Doctor’s surgery in Custom House placed in special measures by health watchdog
- Credit: Archant
A doctor’s surgery in Custom House has been placed in special measures.
A doctor’s surgery in Custom House has been placed in special measures after inspectors found staff doing clinical work had not undergone proper checks when they were hired.
Dr Tun Lwin’s practice in Prince Regent Lane, also failed to meet cervical screening and childhood immunisation targets, and there were no plans in place to meet them.
In a damning reported released today by Care Quality Commission (CQC), other concerns raised includes follow ups for patients weren’t done quickly enough or sometimes not at all, and the surgery has adequate systems in place to respond to emergencies.
The CQC inspection, which was carried out in August, also discovered systems to protect patients from infection weren’t working effectively, complaints weren’t dealt with using the proper procedures and information on how to make complaints were hard for patients to find.
You may also want to watch:
At its last inspection in August 2017, the practice was rated requires improvement, with three categories rated good.
However this time only one category – being caring – was given a good rating.
- 1 Violent gang stuff sock in elderly woman's mouth and steal her jewellery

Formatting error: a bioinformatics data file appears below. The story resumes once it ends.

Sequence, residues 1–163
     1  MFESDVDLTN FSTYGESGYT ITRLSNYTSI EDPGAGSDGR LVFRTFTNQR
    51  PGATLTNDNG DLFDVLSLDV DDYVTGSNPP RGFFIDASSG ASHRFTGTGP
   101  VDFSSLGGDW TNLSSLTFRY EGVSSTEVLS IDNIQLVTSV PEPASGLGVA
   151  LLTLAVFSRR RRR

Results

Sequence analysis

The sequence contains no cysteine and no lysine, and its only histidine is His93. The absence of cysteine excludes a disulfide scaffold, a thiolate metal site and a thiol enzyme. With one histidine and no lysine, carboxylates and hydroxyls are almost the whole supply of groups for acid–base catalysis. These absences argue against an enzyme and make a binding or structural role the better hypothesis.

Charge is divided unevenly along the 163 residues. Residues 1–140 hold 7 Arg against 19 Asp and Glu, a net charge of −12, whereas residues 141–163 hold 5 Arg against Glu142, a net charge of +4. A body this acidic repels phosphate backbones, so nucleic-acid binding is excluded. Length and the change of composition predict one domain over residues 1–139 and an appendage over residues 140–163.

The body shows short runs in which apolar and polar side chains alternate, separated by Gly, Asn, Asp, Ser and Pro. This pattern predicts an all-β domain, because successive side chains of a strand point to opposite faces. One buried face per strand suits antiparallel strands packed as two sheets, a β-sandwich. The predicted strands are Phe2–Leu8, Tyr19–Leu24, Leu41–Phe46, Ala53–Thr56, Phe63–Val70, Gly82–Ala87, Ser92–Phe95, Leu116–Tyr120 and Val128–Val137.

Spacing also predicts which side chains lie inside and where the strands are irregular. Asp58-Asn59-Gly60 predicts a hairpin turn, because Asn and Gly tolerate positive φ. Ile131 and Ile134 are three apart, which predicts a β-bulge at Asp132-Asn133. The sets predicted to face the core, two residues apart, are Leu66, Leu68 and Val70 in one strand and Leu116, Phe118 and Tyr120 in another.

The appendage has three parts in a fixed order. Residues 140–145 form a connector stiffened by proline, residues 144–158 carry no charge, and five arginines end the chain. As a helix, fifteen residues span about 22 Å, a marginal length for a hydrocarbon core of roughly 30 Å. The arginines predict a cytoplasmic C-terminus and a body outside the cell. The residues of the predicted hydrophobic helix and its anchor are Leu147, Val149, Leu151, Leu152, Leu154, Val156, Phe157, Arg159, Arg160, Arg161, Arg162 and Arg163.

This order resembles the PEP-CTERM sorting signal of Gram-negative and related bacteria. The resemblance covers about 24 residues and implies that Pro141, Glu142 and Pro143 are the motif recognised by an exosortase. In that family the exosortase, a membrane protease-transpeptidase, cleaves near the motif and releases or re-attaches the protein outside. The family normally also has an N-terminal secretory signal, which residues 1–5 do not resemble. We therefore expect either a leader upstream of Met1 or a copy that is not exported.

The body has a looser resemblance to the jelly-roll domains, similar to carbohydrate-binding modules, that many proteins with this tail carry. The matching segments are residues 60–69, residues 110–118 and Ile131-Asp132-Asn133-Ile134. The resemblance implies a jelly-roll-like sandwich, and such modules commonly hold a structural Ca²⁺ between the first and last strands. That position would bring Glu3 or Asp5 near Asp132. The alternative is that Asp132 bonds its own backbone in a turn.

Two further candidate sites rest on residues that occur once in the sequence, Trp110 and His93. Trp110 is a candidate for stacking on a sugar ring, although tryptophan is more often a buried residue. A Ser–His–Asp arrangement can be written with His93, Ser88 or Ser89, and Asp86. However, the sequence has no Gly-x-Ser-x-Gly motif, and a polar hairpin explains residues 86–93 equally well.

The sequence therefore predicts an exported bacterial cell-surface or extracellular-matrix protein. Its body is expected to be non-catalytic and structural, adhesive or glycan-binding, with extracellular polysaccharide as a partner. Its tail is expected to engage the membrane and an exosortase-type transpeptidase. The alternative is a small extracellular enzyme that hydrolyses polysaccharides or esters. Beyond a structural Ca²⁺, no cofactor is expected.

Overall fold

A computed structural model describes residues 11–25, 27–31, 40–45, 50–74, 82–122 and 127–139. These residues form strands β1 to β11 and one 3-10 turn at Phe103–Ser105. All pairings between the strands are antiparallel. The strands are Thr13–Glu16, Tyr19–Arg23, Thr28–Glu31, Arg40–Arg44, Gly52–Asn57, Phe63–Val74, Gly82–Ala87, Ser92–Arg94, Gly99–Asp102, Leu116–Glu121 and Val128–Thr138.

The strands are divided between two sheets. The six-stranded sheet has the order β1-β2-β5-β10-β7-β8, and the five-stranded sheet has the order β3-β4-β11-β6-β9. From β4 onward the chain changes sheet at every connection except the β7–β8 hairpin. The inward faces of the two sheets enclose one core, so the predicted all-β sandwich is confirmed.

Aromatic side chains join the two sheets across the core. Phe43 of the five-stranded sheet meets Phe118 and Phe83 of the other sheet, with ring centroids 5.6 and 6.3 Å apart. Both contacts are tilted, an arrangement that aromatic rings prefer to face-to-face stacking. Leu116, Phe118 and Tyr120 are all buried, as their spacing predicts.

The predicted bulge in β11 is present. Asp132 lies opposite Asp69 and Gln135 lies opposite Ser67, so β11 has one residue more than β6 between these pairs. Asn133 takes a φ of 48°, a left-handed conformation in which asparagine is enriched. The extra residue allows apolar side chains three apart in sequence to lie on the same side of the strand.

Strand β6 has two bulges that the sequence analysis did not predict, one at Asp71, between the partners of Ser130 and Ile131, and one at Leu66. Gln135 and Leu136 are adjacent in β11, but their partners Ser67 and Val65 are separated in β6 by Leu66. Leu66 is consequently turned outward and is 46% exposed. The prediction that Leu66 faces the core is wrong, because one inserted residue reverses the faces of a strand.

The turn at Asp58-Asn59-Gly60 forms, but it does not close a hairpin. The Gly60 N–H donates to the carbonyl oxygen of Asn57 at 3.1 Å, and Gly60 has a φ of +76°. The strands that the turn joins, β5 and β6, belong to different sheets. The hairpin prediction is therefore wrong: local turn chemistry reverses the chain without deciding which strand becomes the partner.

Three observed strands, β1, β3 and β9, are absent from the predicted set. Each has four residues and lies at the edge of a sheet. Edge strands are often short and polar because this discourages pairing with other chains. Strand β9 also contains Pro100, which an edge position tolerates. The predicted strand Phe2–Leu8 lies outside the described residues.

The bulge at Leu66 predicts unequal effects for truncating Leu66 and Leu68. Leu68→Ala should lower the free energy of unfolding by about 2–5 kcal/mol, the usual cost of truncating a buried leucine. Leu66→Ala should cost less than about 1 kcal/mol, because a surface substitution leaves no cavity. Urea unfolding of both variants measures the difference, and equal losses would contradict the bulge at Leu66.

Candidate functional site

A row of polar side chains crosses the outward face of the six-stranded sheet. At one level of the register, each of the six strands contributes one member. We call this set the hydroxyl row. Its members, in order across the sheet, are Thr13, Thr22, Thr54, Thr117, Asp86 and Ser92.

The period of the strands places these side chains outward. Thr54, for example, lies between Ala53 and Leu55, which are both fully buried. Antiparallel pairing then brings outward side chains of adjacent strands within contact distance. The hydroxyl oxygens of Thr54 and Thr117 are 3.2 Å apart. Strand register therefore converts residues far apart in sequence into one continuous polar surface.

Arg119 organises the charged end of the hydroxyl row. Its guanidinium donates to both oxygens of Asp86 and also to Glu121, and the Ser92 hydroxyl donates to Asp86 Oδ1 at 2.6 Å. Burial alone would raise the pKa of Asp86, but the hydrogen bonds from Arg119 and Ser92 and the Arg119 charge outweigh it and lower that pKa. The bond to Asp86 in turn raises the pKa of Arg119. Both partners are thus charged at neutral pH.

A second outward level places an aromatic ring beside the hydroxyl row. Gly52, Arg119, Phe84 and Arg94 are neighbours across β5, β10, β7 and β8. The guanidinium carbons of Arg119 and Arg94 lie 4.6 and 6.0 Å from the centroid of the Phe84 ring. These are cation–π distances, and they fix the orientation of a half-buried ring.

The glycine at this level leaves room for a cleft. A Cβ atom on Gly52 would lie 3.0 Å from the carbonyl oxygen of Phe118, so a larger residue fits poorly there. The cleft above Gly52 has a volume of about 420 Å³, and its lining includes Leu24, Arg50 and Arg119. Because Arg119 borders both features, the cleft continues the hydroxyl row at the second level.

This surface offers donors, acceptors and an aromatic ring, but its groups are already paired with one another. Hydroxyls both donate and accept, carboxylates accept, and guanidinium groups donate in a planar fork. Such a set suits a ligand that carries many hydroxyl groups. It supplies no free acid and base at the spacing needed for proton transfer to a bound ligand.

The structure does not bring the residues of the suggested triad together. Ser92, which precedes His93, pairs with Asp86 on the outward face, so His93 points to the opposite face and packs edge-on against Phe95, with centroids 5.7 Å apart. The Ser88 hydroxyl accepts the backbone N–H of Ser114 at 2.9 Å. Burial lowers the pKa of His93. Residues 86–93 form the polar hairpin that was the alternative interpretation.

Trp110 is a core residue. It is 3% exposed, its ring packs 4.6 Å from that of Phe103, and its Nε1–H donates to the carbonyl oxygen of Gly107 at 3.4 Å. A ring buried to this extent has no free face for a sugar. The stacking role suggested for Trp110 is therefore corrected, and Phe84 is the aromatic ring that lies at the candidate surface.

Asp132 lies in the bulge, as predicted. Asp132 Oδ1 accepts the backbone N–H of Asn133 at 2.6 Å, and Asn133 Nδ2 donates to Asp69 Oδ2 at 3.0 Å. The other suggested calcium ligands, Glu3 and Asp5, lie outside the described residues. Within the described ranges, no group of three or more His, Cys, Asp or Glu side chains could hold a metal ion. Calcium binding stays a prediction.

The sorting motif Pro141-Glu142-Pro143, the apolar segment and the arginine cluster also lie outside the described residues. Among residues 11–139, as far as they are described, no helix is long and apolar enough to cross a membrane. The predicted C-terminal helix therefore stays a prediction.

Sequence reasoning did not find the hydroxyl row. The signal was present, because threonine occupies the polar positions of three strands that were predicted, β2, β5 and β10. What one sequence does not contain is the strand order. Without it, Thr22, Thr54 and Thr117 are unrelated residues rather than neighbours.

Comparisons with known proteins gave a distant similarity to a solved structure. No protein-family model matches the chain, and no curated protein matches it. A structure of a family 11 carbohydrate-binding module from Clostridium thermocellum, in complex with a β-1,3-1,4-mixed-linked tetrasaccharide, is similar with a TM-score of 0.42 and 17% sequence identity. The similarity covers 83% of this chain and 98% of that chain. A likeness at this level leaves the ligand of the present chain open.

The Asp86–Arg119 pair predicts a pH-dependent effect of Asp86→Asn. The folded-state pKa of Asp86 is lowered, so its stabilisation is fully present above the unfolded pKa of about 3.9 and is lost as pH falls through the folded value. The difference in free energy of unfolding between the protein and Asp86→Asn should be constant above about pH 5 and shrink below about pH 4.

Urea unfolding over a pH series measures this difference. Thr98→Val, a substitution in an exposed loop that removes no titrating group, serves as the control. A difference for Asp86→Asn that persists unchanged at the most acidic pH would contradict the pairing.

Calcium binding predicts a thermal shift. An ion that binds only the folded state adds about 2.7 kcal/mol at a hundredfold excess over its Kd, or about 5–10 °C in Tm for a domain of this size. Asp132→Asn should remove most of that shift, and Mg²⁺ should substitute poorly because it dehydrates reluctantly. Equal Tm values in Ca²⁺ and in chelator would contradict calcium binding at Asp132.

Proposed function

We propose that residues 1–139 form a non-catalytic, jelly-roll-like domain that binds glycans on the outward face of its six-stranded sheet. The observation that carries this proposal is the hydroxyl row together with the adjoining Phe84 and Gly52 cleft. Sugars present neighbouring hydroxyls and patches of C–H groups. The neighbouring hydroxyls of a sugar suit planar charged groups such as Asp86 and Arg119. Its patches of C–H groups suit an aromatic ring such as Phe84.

- 2 Council rents offices to ambulance service to save money
- 3 Covid vaccination hub opening in Westfield next week
- 4 Police release image after teenager stabbed in Forest Gate robbery
- 5 Tributes to Newham cop who died after positive Covid-19 test
- 6 What a load of old rubbish: Fly-tippers keep charity staff out of building
- 7 NHS nurse assaulted at east London hospital
- 8 Arrests after girl, 16, falls onto tracks at King George V DLR
- 9 Police appeal for help after woman raped in Beckton
- 10 Double murder accused remanded in custody over ‘brutal’ stabbings
When the surgery was first inspected in 2016, issues were raised around the fire safety systems, which were raised again during an inspection in last year.
The practice has been instructed to make sure the correct number of staff are always on duty, and to ensure treatment is provided in a safe way.
Systems must be put in place to improve the governance of the surgery and care must only be provided with the relevant person’s consent.
It also has also been advised to improve training and the complaints procedure.
However the report did praise staff saying they were kind and compassionate, and patients were always able to access care when they needed it.
Ursula Gallagher, deputy chief inspector professor from the primary medical service, said: “People who use the service should be reassured that it will be kept under review and if needed could be escalated to urgent enforcement action.”
The surgery has been given two months to improve before another inspection, and could be closed within six months if it doesn’t meet standards.
A spokesman for the surgery said: “We are very disappointed to receive this rating from the CQC. We are fully committed to addressing the issues raised and are working hard to make the required improvements to ensure that our patients receive the level and quality of care that they deserve.”